Chapter 2

Three Things about Story We Need to Know

Before diving into the narrative that unfurls through the pages of Scripture, we have to understand three things about how stories work. First, they need characters. While that might seem obvious—after all, we’re familiar with the Bible’s massive cast—a story isn’t a story without the right characters.

Throughout the Old Testament in particular, we’re fond of pointing out the characters we relate to the most. Abraham, Sarah, Rachel, Joshua, Rahab, Ruth, David, Solomon, Elijah—the list is as long as the Bible itself. However, no one on that list is the character that the Bible’s actually about. They’re bit-part players in a drama centered on one person—God himself.

Before we get any farther into the story of the Bible, we have to understand that it’s God’s story. He’s both the main character and the (ultimate) teller of the tale. He’s chosen to reveal himself to his people not in a list of attributes or complex theology books, but in story. So we have to avoid at all costs either making the Bible about someone or someones else, and we cannot allow ourselves to reduce the Bible to a textbook. It’s a narrative, so we have to approach it that way.

The second thing we need to understand about how stories work is the simple fact that every story has conflict. In fact, it’s not story at all without some problem the hero (in the Bible’s case, God) has to solve. That conflict drives the whole plot, and it’s the process by which the hero eventually wins out that makes a story actually say something.

Nearly every commercial you’ve ever seen on TV or interrupt a YouTube video makes use of conflict: “Use our competitor’s shoes and you’ll end up with sore feet and bad style. But use our shoes, and you’ll be both fleet and fly!” Conflict. There’s a hero. And that hero has a problem to solve.

The last thing we need to understand about story is that it has an author. That author controls the story—from the details of the cloth used to make the robe around Joseph’s shoulders to the color of the grass people sat on waiting for Jesus to break fish and bread matters. It’s there on purpose because the author wanted it to be. The author of the story had a reason for more than just descriptive details. The order of events in the plot; the parts of a person’s life that make it to the page; the dialogue that makes it in and the words that don’t—it’s all controlled by the author in order to tell the best story with the best point. It’s true in every story we’ve ever read or heard or watched, and it’s true of the Bible too.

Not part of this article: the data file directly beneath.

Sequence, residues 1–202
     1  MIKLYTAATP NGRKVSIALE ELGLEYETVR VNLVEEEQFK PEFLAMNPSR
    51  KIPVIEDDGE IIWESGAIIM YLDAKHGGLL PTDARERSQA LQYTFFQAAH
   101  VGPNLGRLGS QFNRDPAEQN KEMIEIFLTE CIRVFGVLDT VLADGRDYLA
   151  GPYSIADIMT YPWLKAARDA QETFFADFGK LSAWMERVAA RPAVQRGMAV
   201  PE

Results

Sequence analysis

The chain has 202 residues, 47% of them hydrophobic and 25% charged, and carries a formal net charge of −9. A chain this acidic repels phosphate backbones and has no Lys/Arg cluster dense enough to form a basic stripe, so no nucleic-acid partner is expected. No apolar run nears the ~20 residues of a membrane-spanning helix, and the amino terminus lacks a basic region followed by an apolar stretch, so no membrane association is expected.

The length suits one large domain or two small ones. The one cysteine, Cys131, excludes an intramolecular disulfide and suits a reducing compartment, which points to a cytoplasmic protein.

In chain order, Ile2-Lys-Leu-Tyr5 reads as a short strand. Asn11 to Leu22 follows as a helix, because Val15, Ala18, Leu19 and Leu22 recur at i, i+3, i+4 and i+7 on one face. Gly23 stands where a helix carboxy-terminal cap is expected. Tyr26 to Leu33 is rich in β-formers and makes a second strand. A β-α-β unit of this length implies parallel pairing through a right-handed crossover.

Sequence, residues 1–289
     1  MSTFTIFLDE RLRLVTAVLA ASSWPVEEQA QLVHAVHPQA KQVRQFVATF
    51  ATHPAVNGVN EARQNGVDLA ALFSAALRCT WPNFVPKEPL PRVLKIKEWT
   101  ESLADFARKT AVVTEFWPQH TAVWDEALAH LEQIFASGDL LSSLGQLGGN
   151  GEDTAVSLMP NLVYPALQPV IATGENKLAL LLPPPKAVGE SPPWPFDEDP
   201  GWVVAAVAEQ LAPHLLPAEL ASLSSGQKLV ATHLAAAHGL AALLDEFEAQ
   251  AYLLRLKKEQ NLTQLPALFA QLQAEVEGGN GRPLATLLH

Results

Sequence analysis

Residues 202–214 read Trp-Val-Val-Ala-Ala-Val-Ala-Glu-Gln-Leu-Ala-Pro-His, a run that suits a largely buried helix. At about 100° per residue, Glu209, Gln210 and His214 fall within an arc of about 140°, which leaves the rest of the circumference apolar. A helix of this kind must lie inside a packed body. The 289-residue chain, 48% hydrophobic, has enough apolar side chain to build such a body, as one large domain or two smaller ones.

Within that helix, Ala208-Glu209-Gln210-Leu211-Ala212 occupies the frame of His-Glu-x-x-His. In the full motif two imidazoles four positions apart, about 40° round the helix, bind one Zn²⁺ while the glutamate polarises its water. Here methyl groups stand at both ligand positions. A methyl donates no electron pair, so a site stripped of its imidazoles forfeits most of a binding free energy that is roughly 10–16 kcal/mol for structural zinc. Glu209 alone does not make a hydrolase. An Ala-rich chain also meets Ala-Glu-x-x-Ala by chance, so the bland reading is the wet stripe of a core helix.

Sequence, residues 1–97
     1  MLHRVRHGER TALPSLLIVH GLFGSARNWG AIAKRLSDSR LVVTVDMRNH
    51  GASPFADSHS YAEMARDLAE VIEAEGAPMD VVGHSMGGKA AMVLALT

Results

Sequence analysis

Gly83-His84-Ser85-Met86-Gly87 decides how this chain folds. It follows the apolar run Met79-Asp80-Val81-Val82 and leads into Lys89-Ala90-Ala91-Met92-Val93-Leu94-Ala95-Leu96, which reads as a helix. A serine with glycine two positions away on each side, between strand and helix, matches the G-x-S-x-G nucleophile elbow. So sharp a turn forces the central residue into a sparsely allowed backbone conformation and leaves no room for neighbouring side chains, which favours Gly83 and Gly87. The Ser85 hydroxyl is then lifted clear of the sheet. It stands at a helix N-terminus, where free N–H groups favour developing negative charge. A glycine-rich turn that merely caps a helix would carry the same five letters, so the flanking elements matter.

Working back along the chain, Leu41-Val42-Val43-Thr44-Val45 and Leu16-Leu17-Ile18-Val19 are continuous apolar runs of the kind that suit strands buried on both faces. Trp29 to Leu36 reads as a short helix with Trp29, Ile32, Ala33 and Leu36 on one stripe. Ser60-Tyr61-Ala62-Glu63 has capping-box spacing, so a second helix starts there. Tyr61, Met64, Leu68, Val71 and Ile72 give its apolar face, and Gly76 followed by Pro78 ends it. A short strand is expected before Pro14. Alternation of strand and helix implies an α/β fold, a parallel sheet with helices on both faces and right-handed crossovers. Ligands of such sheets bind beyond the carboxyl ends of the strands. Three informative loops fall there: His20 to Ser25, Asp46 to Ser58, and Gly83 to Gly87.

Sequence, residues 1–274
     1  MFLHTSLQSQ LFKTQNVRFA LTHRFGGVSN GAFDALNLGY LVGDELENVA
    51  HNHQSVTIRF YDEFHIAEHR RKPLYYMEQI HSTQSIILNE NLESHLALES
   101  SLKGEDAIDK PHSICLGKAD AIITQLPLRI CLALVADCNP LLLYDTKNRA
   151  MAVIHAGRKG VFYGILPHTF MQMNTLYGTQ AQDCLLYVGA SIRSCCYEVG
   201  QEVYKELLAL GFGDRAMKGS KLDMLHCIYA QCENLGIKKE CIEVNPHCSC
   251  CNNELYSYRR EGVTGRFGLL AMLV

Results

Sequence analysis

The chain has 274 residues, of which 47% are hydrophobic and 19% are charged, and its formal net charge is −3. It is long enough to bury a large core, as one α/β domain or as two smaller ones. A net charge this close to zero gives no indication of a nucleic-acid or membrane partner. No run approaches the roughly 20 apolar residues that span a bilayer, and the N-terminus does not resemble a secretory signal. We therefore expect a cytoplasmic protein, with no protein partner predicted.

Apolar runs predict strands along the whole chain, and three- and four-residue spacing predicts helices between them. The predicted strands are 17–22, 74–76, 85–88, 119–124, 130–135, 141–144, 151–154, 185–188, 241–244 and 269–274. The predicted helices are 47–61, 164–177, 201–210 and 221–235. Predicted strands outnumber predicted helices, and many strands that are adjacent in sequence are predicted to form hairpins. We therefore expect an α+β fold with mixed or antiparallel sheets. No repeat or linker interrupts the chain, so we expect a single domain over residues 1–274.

Finally, there’s one more thing I should mention. The Bible is a huge book. Trying to condense it down to a few dozen pages in a summary will inevitably leave something out, rush through some details in favor of others, or fail to highlight every important theological point. The point of this telling of the Bible’s story is simply to highlight how the whole thing is God’s story arc.

Whether we like it or not, God chose to progressively reveal his nature, his plan, and his purpose for humanity through the slow burn of a story. Through that story, we discover his compassion for rebellious humanity but also his commitment to restoration. The conflict is as much ours as it is his, after all, his story is intertwined with our story, or maybe it’s better said the other way around. But that’s getting a bit ahead of ourselves. It’s best to start at the beginning.

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